Murph: If you really think about it, if you have challenges in execution and you go upstream, what’s the reason? It’s the plan, but more importantly, what is your tactical plan subservient to the strategy? One of the things that we learned as fighter pilots that if you have a sloppy briefing, most likely you’re gonna have sloppy execution. If the briefing comes off a little bit late and you step to the jets a little bit late, you know the mission’s gonna be a little bit late. When you really roll that out that’s probably because the strategic plan itself, the leader’s intent, is either way too simplistic, but most of the time, the biggest thing that we see is the strategic plan itself is just entirely too complicated.

Thor: It reminds me of when I was flying as an instructor and we were training students, and we had this great instructor. He had been around forever. He was a former commander on our team, so literally one of the best flyers, best pilots, in our squadron; one of the best pilots I ever came in contact with. And as he was teaching students an interesting thing was taking place. He had an inordinate amount of students that were failing his sorties, meaning he’d go fly with them, he’s their assigned instructor, and when the students would come back, he’d say, “I’m sorry, that’s an F, you failed.” And if students get too many Fs on their missions, then they stop flying aircraft and they start flying desks after that. And the whole pilot experience is over for them. So it’s really critical that we figure out why they’re failing. And it turns out a lot of these students were failing because they oversped their landing gear.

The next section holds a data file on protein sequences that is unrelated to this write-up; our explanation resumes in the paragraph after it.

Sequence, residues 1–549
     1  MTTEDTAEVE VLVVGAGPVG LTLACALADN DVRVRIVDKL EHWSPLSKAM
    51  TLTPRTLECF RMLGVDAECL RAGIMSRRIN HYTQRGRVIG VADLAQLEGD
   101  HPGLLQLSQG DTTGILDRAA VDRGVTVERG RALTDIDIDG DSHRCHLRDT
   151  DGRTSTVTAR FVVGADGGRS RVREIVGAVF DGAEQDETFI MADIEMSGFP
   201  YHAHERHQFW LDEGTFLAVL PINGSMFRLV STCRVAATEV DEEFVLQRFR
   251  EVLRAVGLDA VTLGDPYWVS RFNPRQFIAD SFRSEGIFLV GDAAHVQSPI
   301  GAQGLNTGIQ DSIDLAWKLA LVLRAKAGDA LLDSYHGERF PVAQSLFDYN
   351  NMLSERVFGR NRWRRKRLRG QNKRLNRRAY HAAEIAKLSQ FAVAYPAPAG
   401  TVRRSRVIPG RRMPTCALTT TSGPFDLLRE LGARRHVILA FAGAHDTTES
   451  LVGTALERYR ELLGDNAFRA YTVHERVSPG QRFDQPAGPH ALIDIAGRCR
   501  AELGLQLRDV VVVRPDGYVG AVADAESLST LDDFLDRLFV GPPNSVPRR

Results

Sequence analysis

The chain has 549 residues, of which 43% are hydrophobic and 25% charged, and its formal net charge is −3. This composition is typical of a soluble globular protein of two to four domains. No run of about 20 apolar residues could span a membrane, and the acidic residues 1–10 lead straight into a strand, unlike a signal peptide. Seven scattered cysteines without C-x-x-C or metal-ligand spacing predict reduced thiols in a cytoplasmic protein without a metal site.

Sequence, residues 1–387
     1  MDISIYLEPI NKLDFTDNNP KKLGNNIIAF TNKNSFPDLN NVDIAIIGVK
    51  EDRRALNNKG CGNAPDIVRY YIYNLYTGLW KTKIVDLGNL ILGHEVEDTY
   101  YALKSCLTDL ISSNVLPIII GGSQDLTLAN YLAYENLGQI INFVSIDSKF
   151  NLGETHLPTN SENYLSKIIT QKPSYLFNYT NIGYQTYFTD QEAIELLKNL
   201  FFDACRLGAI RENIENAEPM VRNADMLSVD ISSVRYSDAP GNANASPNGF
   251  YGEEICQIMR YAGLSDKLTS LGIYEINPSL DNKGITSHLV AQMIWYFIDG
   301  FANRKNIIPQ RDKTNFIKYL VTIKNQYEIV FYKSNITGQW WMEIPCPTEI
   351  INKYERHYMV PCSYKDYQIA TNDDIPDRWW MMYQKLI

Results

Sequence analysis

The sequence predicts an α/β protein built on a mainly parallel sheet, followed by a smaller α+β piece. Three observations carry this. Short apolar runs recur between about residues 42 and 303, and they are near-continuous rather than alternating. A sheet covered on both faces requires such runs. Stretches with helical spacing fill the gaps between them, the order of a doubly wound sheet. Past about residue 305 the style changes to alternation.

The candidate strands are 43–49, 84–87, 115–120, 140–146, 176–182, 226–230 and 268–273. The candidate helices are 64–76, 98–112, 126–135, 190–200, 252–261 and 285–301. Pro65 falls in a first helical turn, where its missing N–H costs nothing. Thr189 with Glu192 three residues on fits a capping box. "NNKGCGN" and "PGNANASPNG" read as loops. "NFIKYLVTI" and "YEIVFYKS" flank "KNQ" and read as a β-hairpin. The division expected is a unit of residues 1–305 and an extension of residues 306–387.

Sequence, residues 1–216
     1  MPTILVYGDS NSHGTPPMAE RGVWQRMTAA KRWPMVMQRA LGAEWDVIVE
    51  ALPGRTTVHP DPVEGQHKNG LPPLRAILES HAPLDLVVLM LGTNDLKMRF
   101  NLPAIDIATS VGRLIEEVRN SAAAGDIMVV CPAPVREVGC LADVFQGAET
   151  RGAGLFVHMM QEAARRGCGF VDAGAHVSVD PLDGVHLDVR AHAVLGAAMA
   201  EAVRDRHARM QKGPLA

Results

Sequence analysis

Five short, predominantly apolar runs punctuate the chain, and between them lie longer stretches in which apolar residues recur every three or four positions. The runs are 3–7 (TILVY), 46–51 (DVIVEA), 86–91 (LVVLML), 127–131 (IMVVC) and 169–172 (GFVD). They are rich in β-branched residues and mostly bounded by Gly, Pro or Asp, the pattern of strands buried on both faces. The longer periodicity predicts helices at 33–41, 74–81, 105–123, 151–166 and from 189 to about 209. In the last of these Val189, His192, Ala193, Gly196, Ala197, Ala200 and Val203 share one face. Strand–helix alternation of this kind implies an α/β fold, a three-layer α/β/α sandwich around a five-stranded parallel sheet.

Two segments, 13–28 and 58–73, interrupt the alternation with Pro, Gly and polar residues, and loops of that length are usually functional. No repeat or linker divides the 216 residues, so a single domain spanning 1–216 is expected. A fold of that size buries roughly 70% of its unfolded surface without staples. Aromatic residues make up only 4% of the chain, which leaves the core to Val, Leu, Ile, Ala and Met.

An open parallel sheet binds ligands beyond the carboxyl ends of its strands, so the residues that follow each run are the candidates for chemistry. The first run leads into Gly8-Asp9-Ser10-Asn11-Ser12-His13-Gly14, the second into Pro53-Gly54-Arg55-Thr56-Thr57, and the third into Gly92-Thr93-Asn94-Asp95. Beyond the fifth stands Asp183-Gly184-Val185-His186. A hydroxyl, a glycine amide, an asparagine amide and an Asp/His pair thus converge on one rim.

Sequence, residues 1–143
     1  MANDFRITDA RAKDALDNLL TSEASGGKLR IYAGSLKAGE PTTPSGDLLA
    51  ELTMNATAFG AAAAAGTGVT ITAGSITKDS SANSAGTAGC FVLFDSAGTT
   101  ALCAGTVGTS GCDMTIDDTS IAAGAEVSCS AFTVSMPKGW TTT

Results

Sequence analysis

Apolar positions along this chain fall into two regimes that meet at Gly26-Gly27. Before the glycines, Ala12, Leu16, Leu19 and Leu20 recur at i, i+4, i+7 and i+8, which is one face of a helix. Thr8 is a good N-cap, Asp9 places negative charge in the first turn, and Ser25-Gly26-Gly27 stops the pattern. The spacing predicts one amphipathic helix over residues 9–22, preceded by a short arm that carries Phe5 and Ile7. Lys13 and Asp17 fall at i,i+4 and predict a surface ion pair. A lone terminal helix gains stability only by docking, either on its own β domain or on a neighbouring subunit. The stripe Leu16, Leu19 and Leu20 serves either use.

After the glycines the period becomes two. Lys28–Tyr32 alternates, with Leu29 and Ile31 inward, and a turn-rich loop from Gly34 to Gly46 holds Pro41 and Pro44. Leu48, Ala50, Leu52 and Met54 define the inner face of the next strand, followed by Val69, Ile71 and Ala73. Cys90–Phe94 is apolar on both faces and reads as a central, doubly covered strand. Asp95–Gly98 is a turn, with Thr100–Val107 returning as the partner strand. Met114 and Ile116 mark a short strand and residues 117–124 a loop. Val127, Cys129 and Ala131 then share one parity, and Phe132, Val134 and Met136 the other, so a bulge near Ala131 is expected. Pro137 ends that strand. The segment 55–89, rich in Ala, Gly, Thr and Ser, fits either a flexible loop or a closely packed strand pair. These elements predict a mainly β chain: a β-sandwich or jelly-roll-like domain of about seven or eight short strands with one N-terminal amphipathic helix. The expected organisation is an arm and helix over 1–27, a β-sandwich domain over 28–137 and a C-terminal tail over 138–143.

Thor: And what that means is, they went too fast for the landing gear, the gear that you land on, the wheels at the bottom of the plane, you can retract those back up into the belly of the plane and the trick is, you actually have to retract those before a certain speed, because if you over speed them in flight, the friction and the air resistance is so strong that it can damage the aircraft. It can actually rip the gear right off the plane. So it’s really important that students get those gear up in a timely fashion. And so, we did a little investigation to find out, “Well, why are all his students over speeding their gear? What gives?”

Thor: And it turns out, every time the student would take off, this instructor would say, “I want you to look inside at your engine instruments and say, ‘I have two good engines, no fires.’ I want you to look outside and look for birds. And I want you to say, ‘I see no birds.’ I want you to look outside for traffic that might cross in front of you and say, ‘No airplanes in front of me.’ And then I want you to reach down and say, ‘Gear clear and put your landing gear handle up.'” Well, what it turned out that was taking place, it was just too much information, it was too complicated. And this was something that worked great for him because he’s got 4,000 hours of flight under his belt, and so it was easy for him to check all these things and not make a mistake, but for his students, they couldn’t do it. So by the time they got to step number two, they had already oversped their gear, they’d already failed the ride and it’s because he made the plan too complicated.